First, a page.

Giorgia Meloni: who is Italy New Female Prime Minister , New Policy and the Changes she would make in Italy

Far-right leader Giorgia Meloni is on course to become Italy’s first woman Prime Minister, exit polls suggest.

An exit ballot on country tv shortly after polls closed on Sunday evening (25 September) recommended that Ms Meloni’s Brothers of Italy alliance with proper-wing events was on track to take as much as 45% of the vote in each chambers of Parliament. Her closest contender, the centre-left alliance of former Democratic Party Premier Enrico Letta, is reportedly garnering as much as 29.5% of the vote. State broadcaster Rai stated the exit ballot had a margin of error of 3.5%.

It could see Ms Meloni, 45, become Italy’s first far-right Prime Minister since the quit of World War Two, despite the fact that she has since stated her Brothers of Italy party could “govern for everyone” and would not betray people’s trust.

Her party could need to form a coalition together along with her main allies, anti-migrant League chief Matteo Salvini and conservative former foremost Silvio Berlusconi to command a strong majority in Parliament.

Who is Giorgia Meloni?

Giorgia Meloni was born in Rome and moved to Garbatella in her teenage years. There, elderly 15, she joined Youth Front, the youth wing of the neo-fascist MSI. She later have become the president of the scholar department of the movement’s successor, National Alliance. In 2008, aged 31, Ms Meloni have become Italy’s youngest ever minister, appointed to the Youth and Sport portfolio by Silvio Berlusconi. After forming her personal party in 2012, she won simply 4% of votes in the last election in 2018. She leads a party rooted in a post-war movement that rose out of dictator Benito Mussolini’s fascists.

Earlier this year she mentioned her priorities in a raucous speech to Spain’s a long way-proper Vox party: “Yes to the natural family, no to the LGBT lobby, yes to sexual identity, no to gender ideology… no to Islamist violence, yes to secure borders, no to mass migration… no to big international finance… no to the bureaucrats of Brussels!”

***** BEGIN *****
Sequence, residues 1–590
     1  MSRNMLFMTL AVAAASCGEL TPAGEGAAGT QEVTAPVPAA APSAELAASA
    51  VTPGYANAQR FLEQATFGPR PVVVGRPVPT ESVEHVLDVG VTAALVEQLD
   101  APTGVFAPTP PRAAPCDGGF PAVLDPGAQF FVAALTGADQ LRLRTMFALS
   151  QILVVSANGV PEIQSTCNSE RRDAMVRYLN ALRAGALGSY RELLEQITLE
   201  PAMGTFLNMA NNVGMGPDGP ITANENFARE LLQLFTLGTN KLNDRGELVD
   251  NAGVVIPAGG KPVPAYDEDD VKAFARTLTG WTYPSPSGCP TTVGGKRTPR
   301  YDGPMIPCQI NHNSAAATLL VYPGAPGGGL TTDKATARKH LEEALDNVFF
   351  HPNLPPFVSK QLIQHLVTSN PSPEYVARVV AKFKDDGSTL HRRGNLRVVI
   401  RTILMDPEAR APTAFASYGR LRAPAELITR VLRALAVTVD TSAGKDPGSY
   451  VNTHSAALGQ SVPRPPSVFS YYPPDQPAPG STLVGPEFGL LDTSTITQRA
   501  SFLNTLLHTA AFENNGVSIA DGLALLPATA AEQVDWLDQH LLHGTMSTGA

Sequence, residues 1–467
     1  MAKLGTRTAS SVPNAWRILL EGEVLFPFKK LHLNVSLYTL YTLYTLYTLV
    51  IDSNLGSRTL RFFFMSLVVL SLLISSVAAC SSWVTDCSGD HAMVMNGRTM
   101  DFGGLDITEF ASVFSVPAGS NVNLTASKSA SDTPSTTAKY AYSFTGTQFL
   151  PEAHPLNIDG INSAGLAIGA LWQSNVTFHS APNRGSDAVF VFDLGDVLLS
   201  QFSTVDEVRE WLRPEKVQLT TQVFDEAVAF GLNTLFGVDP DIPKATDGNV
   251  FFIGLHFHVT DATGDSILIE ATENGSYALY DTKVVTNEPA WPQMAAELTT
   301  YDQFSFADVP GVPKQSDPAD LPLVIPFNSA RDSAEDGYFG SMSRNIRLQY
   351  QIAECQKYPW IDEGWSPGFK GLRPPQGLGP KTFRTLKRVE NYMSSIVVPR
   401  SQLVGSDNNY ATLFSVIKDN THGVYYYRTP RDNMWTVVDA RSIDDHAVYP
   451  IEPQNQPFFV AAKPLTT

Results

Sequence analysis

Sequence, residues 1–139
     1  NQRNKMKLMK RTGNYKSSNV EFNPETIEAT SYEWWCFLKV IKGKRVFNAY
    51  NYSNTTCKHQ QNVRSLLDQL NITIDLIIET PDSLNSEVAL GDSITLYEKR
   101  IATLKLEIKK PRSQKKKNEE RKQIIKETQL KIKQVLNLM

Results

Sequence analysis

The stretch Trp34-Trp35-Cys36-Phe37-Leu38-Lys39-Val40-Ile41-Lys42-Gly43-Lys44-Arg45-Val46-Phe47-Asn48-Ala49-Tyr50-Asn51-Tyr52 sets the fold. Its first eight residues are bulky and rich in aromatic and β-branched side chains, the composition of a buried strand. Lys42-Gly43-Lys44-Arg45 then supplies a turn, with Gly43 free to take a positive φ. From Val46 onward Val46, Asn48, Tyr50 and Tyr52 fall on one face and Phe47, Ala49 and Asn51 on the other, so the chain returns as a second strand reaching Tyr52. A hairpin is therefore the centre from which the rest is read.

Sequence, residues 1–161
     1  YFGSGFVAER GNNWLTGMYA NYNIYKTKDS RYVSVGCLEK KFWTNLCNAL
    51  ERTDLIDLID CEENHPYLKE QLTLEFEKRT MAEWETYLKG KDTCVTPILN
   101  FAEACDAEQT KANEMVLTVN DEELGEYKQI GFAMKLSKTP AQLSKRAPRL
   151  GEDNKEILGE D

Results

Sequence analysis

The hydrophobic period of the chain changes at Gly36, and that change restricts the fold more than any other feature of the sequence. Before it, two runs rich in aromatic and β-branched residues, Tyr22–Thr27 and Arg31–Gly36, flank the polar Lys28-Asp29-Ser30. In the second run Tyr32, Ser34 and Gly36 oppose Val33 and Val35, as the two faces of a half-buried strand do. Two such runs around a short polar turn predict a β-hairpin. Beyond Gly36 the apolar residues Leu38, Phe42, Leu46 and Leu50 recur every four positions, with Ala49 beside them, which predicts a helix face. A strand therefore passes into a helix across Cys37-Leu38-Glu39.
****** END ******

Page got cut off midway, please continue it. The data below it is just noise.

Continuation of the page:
What are her policies?

Ms Meloni has solidly backed the supplying of Ukraine with arms to defend itself against Russia’s invasion. In contrast, right-wing League chief Matteo Salvini, has voiced concern that Western sanctions could end up hurting Italy’s economic interests more than punishing Russia’s. With Italy’s families and agencies suffering with excessive power bills, Ms Meloni has hostile Mr Salvini’s push to swell already-debt-laden Italy by tens of billions of euros for energy relief. Ms Meloni has criticised Europe’s “Brussels bureaucrats” and currently defended Hungary’s Prime Minister Viktor Orban after the European Commission encouraged postponing billions of euros in investment to Hungary over issues about democratic backsliding and the possible mismanagement of EU money.

However, after opinion polls in the run-up to the vote indicated she could be headed to victory, Ms Meloni commenced moderating her message of “God, homeland and family” in an apparent attempt to reassure the European Union and other international partners. “This is the time for being responsible,” Ms Meloni stated, appearing live on television and describing the situation for Italy and the European Union as “particularly complex”.

In her campaign, she criticised European Union officers as being overly bureaucratic and vowing to protect Italy’s national interests if they clash with EU policies. Nearly 64% of eligible citizens deserted the ballot, according to the Interior Ministry. That is far lower than the previous record for low turnout, 73% in 2018. Italy has had 3 coalition governments since the last election — every led by a person who had not run for office.

The election on Sunday came six months early after Mr Draghi’s pandemic unity government, which enjoyed wide citizen popularity, collapsed in late July after the parties of Mr Salvini, Mr Berlusconi and Ms Conte withheld support in a confidence vote. Ms Meloni kept her Brothers of Italy party in the opposition, refusing to join Mr Draghi’s unity government or the two previous coalitions led by Mr Conte.

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